Baseline measurements of ethene in 2002: Implications for increased ethanol use and biomass burning on air quality and ecosystems
- Author(s): Gaffney, JS
- Marley, NA
- Blake, DR
- et al.
Published Web Locationhttps://doi.org/10.1016/j.atmosenv.2012.04.002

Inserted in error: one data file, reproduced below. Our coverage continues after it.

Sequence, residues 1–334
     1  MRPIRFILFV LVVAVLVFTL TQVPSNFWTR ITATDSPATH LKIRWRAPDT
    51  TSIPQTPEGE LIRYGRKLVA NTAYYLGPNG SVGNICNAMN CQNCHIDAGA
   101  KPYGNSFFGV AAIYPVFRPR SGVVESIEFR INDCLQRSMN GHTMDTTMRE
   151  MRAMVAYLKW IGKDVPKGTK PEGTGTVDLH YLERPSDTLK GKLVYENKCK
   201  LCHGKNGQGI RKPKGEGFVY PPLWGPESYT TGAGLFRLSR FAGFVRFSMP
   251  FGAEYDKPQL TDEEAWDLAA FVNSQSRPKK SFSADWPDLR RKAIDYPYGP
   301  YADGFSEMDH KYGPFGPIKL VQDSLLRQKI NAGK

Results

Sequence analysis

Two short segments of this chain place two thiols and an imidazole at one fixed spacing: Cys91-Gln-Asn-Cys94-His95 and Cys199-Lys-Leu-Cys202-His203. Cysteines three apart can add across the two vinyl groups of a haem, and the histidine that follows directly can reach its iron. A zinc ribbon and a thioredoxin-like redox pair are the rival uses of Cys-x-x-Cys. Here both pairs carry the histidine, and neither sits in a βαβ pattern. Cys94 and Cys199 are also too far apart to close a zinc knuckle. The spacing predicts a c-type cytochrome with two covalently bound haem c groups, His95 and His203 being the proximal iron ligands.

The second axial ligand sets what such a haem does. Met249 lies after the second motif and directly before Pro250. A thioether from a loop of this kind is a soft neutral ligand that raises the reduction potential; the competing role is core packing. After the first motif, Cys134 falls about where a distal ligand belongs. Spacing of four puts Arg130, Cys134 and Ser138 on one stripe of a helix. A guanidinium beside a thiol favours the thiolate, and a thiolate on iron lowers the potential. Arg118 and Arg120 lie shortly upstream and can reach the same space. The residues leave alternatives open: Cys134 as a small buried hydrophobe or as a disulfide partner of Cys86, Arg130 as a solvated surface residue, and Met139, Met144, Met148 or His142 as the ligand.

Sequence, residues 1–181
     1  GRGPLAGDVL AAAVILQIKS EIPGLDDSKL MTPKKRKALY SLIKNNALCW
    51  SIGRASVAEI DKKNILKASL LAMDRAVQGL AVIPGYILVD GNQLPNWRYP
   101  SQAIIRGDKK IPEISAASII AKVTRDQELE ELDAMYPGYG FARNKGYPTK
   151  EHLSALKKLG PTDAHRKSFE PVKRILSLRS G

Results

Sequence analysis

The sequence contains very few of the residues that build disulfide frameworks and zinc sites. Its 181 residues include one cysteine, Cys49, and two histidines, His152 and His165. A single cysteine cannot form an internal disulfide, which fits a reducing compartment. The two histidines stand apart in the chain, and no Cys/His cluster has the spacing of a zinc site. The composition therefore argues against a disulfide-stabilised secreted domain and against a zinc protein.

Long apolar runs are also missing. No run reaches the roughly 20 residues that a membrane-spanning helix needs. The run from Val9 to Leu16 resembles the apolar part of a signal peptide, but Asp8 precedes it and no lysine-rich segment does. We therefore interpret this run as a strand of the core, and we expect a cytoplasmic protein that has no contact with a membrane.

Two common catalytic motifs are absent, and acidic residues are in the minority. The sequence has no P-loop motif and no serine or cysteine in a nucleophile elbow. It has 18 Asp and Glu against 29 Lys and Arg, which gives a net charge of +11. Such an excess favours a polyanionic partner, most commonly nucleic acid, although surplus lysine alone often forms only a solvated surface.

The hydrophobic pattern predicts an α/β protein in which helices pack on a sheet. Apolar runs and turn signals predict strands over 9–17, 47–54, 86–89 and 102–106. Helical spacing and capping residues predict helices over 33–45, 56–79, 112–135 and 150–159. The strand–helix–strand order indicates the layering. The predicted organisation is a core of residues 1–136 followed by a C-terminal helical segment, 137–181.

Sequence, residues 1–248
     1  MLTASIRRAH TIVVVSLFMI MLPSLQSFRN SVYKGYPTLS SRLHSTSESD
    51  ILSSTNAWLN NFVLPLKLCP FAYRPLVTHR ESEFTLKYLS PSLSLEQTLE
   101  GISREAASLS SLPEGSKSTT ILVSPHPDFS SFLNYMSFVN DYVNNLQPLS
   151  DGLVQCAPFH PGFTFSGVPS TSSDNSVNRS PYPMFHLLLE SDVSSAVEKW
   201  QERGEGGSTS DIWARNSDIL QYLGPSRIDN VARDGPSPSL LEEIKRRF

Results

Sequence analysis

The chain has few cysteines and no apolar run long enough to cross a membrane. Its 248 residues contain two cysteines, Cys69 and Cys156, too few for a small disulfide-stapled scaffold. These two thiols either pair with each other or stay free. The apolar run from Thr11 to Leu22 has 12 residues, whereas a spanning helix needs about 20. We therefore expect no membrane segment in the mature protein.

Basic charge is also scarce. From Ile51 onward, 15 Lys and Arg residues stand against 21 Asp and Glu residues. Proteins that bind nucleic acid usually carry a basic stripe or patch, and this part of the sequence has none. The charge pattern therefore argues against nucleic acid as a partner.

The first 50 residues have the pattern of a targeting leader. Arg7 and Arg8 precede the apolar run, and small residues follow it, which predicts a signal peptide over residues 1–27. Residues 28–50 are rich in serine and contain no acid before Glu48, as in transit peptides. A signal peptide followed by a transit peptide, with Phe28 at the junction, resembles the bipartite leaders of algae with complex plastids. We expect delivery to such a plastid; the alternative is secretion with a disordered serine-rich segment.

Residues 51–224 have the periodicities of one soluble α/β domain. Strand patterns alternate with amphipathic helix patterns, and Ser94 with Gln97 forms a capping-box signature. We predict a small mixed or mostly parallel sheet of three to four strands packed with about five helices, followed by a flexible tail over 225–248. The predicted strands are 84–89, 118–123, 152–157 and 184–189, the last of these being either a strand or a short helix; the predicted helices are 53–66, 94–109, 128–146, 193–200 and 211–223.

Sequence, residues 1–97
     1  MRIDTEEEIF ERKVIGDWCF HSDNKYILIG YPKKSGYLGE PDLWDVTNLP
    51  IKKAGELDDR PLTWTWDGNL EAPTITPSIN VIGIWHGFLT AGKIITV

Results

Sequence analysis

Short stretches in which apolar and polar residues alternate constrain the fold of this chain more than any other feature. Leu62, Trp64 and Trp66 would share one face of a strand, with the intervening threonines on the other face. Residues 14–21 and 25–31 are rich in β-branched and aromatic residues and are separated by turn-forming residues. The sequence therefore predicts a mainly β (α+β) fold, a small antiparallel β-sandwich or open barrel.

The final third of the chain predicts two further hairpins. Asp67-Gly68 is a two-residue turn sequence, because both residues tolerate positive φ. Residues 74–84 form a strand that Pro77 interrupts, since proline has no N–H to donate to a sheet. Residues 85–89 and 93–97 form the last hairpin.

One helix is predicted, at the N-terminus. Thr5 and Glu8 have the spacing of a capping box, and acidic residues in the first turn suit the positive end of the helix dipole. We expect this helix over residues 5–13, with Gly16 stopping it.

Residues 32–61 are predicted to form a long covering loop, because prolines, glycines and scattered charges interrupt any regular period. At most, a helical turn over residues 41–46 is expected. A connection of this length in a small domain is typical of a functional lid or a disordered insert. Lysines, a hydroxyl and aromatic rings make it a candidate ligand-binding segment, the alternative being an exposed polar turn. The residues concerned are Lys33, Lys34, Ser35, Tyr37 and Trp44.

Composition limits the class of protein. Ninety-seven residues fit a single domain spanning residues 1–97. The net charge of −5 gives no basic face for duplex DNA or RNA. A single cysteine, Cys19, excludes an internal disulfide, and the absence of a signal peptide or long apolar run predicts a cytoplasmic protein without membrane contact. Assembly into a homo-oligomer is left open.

While it is well known that combustion of ethanol as a biofuel will lead to enhanced emissions of methane, ethene (ethylene), acetaldehyde, formaldehyde, and oxides of nitrogen (primarily NO) when compared to gasoline alone, especially during cold starts or if catalytic converters are not operating properly, the impacts of increases in atmospheric ethene levels from combustion of fuels with higher ethanol content has not received much attention. Ethene is a well known and potent plant growth hormone and exposure to agricultural crops and natural vegetation results in yield reductions especially when combined with higher levels of PAN and ozone also expected from the increased use of ethanol/gasoline blends. We report here some baseline measurements of ethene obtained in 2002 in the southwestern and south central United States. These data indicate that current ethene background levels are less than 1 ppb. Anticipated increases in fuel ethanol content of E30 or greater is expected to lead to higher atmospheric levels of ethene on regional scales due to its atmospheric lifetime of 1.5-3 days. These background measurements are discussed in light of the potential enhancement of ethene levels expected from the anticipated increases in ethanol use as a renewable biofuel. © 2012 Elsevier Ltd.